Kenya may have signed trade deals worth Sh227 billion at the recent UK-Africa Investment Summit but officials say the ultimate goal was to cement guarantees that could provide Kenyan businesses at least a five-year assured market.
After a meeting between British Prime Minister Boris Johnson and President Uhuru Kenyatta, the statement indicated Kenya and the UK were elevating their relationship to ‘strategic partnership.’
In international relations, countries routinely enhance the status of their cooperation depending on need, and labelling theirs ‘strategic’ implies deeper long-term goal for business, political or cultural ties.
Kenya has a similar status with the US and China, while it has run a ‘special status agreement’ with Ethiopia since 2012.
For the UK though, officials admit it may have been long overdue, given UK’s more than 200 firms operate in Kenya, with an annual foreign direct investment of about Sh80 billion by 2017.
The British High Commission in Nairobi says 80 per cent of all workers employed in private corporate bodies in Kenya earn from a British-related firm. It adds that the British also pump in Sh7.4 billion annually in security cooperation.
UK will also be sending some Sh527 billion in aid.
So what will it mean for Kenya?
At the summit, there were about 50 Kenyan corporate chiefs.
EXPERTS AND RESOURCES
The dispatch said this elevation, targeting the first half a decade, will create a pool of experts and resources to focus on business, security, conservation, people relations and sustainable development known as the ‘five pillars.’
“From 2020-2025, we will work together across five pillars…reflecting the key challenges and opportunities of our time,” a joint dispatch from the meeting between PM Johnson and President Kenyatta said.
“Our countries will develop new investment and trade opportunities that will support business, including those of the Blue economy, and create jobs.”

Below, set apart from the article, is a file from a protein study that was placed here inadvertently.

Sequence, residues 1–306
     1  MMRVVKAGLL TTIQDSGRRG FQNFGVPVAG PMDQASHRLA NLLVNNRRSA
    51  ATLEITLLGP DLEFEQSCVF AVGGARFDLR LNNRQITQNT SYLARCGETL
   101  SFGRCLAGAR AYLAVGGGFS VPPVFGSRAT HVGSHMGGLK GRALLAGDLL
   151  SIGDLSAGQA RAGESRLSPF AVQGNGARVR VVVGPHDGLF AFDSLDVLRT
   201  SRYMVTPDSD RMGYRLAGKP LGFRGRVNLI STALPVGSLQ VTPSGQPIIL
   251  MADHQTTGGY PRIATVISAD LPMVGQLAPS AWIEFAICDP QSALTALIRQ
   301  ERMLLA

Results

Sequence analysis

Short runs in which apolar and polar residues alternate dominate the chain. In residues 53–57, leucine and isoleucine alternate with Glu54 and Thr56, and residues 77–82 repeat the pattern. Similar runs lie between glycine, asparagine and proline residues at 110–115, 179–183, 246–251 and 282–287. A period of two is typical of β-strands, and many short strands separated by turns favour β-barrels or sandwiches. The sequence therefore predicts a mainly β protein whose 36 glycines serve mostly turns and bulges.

The UK wants to start a formal exit from the European Union (EU) starting next week on January 31 and the worry among Kenyans was that there is no trade agreement to replace the one signed during the EU days.
The leaders agreed that Kenya enjoys the old order of no duty imposed on Kenyan fresh produce during the 18-month transition, but technocrats will have to thrash out a deal within the next one year.
Initially, the EU insisted on negotiating with the East African Community as a whole and it often led to some members moving slowly, inconveniencing the stronger economy in Kenya.
In London, Kenyan officials argued that the collective approach was burdensome on the country and called for what is known as a geometric asymmetry where those willing to sign go ahead.
Ahead of the summit where 21 other leaders were invited, Kenya had said it will use the event to pitch for investment in affordable housing and healthcare.
It saw the launch of the first green bond worth Sh4 billion by UK property developer Acorn Holdings.
If it raises this money, the developer intends to use the funds to build eco-friendly hostels for 50,000 university students in Nairobi.
The UK has also offered to buy in what Kenya is marketing as Nairobi Urban Renewal Programme, which involves giving land to investors to put up affordable houses.
A railway city in Nairobi, estimated to cost Sh395 billion, was announced two years ago. But lack of money has stalled it to date.
The President said he was looking for people to invest in it, as private dealers, probably dodging the perennial criticism of taking loans.
“There was a great focus on private sector investment to grow jobs,” Kenya’s High Commissioner to the UK Manoah Esipisu told the Nation on Saturday.
ISSUES OF THE DAY
“There was also a great focus on partnership in tackling issues of the day such as immigration, security and climate change.”
The University of Manchester Hospital and the Christie National Hospital Service inked MoUs for cancer research collaboration with Kenya.
But one of the criticism about UK-Africa relations is the tough visa rules, often taking weeks to mature and sometimes applicants being rejected.
For example, it is often easier to get a visa into China than to the UK.
There was no formal announcement on specifics, but there was a promise to ‘look into’ how Kenyan students in the UK could be granted a two-year stay after graduation to gain work experience.
The following are some of the deals:
- Solar power producer Globeleq said it will put some Sh6.6 billion in establishing a solar farm in Malindi.
- Tullow listed as pledging to continue investing £1,200m in continued oil production in Kenya.
- British beer maker Diageo, which owns a big chunk of East African Breweries, investing Sh22 billion in projects meant to improve the environment.
- British firm Acorn Holdings fetching Sh4 billion million via green bond on the London stock exchange, to build student hostels in Kenya.